New York CNN Business  — 

Senator Elizabeth Warren and other Democratic members of Massachusetts’ congressional delegation are pressing Walmart on its handling of a store in the state where 81 workers tested positive for the coronavirus and another location where an employee died.

“We are writing to express serious concern about your company’s failure to keep Walmart employees in Massachusetts safe amidst the coronavirus,” 11 House and Senate Democrats wrote to Walmart CEO Doug McMillon Thursday in a letter obtained by CNN Business.

Worcester officials ordered a Walmart (WMT) store to shut down last week after 23 employees tested positive for the virus, according to the local health department. All of the store’s employees were later tested for the virus, and an additional 58 tested positive. The store, which tested 391 employees total, has since reopened.

“Massachusetts is suffering from a high rate of coronavirus cases, and several of our stores located in some of the state’s hot spots have also been hit hard by the pandemic,” Walmart said in a statement.

The company added, “It may be impossible to track the source of anyone’s infection, especially in some of these communities that have felt the devastating impact of the virus. That’s why we are working in partnership with local health officials and are taking aggressive steps to help ensure the safety of our associates and customers.”

The letter seeks to raise pressure on Walmart over its worker safety policies after reports of coronavirus cases among employees at several stores in the state.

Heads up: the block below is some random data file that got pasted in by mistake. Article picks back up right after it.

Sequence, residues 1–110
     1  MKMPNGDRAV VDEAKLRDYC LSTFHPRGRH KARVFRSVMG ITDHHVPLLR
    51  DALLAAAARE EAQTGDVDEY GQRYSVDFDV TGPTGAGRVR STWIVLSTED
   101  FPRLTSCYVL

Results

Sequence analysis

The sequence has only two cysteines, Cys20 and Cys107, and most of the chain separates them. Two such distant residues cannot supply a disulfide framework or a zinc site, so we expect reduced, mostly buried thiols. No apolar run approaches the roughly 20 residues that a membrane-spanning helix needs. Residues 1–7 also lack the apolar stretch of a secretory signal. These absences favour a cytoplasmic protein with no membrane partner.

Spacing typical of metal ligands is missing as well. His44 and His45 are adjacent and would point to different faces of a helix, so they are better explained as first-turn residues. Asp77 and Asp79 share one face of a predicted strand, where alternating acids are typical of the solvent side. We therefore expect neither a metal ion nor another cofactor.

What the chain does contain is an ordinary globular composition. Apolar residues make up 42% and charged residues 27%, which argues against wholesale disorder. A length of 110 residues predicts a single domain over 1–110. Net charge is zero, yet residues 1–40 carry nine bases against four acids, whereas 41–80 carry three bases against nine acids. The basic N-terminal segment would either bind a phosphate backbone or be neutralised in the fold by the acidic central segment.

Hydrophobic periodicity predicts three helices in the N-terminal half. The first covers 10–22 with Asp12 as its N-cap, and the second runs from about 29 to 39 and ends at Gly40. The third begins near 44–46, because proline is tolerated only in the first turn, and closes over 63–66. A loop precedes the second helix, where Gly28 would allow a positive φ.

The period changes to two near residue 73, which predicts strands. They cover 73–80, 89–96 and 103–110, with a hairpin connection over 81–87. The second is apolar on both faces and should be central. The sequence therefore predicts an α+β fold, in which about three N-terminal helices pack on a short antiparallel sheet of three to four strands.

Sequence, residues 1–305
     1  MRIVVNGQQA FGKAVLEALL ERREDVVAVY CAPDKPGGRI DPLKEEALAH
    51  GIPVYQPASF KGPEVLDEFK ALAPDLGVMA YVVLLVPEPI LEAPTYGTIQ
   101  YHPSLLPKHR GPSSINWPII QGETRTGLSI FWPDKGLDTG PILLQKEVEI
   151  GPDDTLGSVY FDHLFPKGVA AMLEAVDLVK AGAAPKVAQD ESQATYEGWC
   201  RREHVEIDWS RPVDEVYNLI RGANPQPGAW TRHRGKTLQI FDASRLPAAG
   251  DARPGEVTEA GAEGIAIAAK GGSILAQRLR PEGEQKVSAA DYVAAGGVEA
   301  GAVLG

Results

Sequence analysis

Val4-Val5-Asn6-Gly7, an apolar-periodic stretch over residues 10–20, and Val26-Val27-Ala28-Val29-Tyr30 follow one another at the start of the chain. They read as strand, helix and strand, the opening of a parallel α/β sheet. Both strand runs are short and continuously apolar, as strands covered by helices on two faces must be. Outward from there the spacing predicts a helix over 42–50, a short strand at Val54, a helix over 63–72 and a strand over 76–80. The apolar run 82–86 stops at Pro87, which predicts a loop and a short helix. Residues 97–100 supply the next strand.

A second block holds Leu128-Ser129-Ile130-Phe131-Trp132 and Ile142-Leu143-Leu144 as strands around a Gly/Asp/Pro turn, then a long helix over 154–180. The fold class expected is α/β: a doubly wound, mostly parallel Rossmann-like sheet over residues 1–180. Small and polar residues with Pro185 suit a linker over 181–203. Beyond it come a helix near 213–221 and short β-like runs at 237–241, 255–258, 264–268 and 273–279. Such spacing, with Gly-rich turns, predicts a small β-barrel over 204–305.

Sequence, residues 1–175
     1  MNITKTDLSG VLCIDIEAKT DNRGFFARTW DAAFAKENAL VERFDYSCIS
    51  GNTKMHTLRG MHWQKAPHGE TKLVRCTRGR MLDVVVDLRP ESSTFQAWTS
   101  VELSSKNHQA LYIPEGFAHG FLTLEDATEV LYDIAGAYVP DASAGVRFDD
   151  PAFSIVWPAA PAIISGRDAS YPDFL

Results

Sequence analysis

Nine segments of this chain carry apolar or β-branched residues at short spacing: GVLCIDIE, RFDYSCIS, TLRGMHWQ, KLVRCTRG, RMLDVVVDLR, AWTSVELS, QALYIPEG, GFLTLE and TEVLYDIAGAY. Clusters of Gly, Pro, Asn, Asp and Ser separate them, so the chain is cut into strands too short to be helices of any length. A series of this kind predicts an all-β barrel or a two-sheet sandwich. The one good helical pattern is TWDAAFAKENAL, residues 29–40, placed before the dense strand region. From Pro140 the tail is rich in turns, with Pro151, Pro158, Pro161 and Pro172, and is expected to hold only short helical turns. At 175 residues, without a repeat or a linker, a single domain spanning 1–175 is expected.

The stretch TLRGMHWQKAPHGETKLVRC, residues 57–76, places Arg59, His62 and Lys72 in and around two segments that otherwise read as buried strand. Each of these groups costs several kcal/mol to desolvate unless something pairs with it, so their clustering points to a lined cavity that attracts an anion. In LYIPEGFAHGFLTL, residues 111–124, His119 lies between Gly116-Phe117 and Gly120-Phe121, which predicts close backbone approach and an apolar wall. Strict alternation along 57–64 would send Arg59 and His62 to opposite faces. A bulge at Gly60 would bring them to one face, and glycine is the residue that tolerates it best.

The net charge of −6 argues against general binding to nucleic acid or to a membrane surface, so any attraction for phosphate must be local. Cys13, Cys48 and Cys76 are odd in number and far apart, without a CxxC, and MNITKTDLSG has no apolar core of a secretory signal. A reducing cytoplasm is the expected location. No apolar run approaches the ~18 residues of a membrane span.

The letter also pointed to a complaint that United for Respect, a workers’ advocacy group, filed with the Occupational Safety and Hazard Administration claiming that Walmart is “not regularly informing employees when a co-worker is diagnosed,” not closing stores for cleaning and disinfecting after coronavirus cases have been diagnosed, and “not enforcing social distancing in stores that can have up to 900 customers in them at a time.”

“These outbreaks occurred in the context of multiple worker-reported safety concerns at Walmart stores,” the letter said.

After the story was originally published, Walmart said, “While we are not going to comment on the specifics of the complaint, the controls and practices we have in place are consistent with CDC and OSHA COVID-19 preparedness guidance.” CDC is the Centers for Disease Control and Prevention.

The retailer, which is the largest private employer in the United States, has more than 1.5 million workers in this country.

Like other retailers, the company is grappling with how to keep its doors open while keeping workers safe. It has implemented measures such as providing masks to employees, taking workers’ temperatures, limiting the number of customers in stores and adding social distancing markers. But worker advocates have said the moves haven’t been enough to protect employees.

In Quincy, Massachusetts, 11 employees tested positive for coronavirus and one employee died, according to Quincy health department commissioner Ruth Jones. Walmart closed the store this week after the health department contacted the company.

Jones said in an interview with CNN Business that employees had complained to her office that it “wasn’t a safe place to work.”

“We were getting complaints about the store not using social distancing and crowd control,” Jones said.

Walmart declined to comment on what Jones told CNN Business.

Walmart also shut down two other stores in Massachusetts voluntarily for cleaning this week.

Separately, in Aurora, Colorado, public health officials briefly ordered a Walmart supercenter to shut down last month after a 72-year-old Walmart worker, her 63-year-old husband, and a 69-year-old third-party security contractor for the company died from coronavirus.

The local public health department there briefly ordered the store to shut down in part because of complaints of “lack of social distancing” and “too many people in the store at one time.” The department has since allowed the store to reopen and said it has “good safety and health measures in place.”